Group Title: Press bulletin / Experiment Stations
Title: Bermuda grass and its varieties
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 Material Information
Title: Bermuda grass and its varieties
Series Title: Press bulletin / Experiment Stations
Physical Description: Book
Language: English
Creator: Thompson, John B ( John Bert ), b. 1878
Publisher: University of Florida, Agricultural Experiment Stations
Place of Publication: Gainesville, Florida
Publication Date: 1919
Genre: government publication (state, provincial, terriorial, dependent)   ( marcgt )
non-fiction   ( marcgt )
 Record Information
Bibliographic ID: UF00005215
Volume ID: VID00001
Source Institution: University of Florida
Holding Location: University of Florida
Rights Management: All rights reserved by the source institution and holding location.
Resource Identifier: ltqf - AAA6542
notis - AEP5909
alephbibnum - 000934842

Full Text





As a permanent pasture grass for general planting in Flor-
ida, Bermuda grass undoubtedly ranks first in importance. Being
a creeping perennial with surface runners that root at the joints,
and usually being provided with long fleshy root-stocks, it is b6th
aggressive and persistent and resists well the trampling of stock
and other adverse conditions incident to close grazing. The old
feeling of prejudice against this grass, arising from its ability to
resist the usual measures of eradication, is gradually disappear-
ing as its highly valuable qualities are becoming better known.

There are several distinct forms or varieties of this grass
all of which are closely related and belong to the same species.
These varieties differ from each other in such characters as hardi-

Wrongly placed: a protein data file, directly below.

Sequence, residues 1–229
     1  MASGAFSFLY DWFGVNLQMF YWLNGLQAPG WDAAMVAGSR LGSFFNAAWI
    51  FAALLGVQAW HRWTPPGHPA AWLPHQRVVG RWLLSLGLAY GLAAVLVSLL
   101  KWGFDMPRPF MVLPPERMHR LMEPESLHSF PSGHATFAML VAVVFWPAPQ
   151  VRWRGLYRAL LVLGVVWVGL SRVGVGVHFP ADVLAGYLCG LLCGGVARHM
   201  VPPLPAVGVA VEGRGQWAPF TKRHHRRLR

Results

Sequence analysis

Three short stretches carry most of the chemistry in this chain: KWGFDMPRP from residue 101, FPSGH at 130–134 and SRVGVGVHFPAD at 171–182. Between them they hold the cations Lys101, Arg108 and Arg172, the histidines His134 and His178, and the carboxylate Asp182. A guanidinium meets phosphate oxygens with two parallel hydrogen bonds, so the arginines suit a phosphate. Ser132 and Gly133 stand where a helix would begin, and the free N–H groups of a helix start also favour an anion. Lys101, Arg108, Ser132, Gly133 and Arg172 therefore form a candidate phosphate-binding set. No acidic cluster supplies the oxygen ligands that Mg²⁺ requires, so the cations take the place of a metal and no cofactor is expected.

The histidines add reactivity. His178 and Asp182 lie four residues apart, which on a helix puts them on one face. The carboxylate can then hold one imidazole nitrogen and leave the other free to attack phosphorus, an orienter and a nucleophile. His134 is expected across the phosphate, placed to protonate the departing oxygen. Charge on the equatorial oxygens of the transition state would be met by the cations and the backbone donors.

ness to cold, the predominance or lack of rootstocks, and in their
relative vigor of growth. The most common type or "ordinary
Bermuda" is of comparatively fine growth, and seldom exceeds
12 inches in height. It has many fleshy'rootstocks which increase
its power to withstand drought or cold, or the excessive tramp-
ling of stock. Like other forms, its rankness of growth varies
with soil conditions and the general treatment of the pasture.
Usually it grows from 4 to 8 inches high, but under the most
favorable conditions occasionally attains a height of 12 to 15
Giant Bermuda makes more vigorous growth than does the
ordinary form and is practically devoid of rootstocks. As com-
pared with the ordinary variety, this form is coarser of stem,
more erect in growth, and has broader and coarser leaf blades.
On the Florida Experiment Station grounds at Gainesville, this

August 16., 1919

grass has made upright growth to a height of 24 inches when
planted on good pine land and fenced to prevent the entrance of
farm animals. Owing to its freedom from rootstocks, the Giant
form is more easily eradicated than is the ordinary variety; and
for the same reason it is probably a little less persistent under
conditions of extreme drought or close grazing. On the Station
plots it has not formed as dense a sod as is typical of common
Bermuda, but this condition appears to be improved by moderate
grazing. During winter dormancy the Bermuda grass pasture
will readily burn where there is sufficient old growth, and as a
result the Giant Bermuda with practically no rootstocks will be
very seriously damaged, while the common variety will with-
stand the burning with little or no injury. In handling this grass
care should be taken to prevent fire. On favorable locations, and
where given proper treatment this variety will furnish much
more feed than will the common form, and under the most
favorable conditions it may even be utilized profitably for hay.
A coarse growing variety found along the lower Florida East
Coast and often known as Saint Lucie grass, is a form of Giant
Bermuda. It is most common southward from Fort Pierce and
stockmen of that section generally express a preference for it
over the ordinary variety.
Another kind, and the one long known in literature as Saint
Lucie grass, is of rather dwarf growth and has no rootstocks. Its
habits of growth are even less vigorous than those of the com-
mon variety of Bermuda grass and it does n.ot usually exceed six
inches in height. It is said to send out green growth very
quickly after a frost and is consequently prized as a lawn grass,
altho the more vigorous growing varieties are preferable for
pasture purposes.
Fort Thompson grass is another low, creeping species that
occurs more or less generally thruout the state and is frequently
confused with Giant Bermuda which it somewhat resembles.
Botanically, however, it is an entirely different grass, belonging
to the Paspalum or Water grass group.
State papers please copy.

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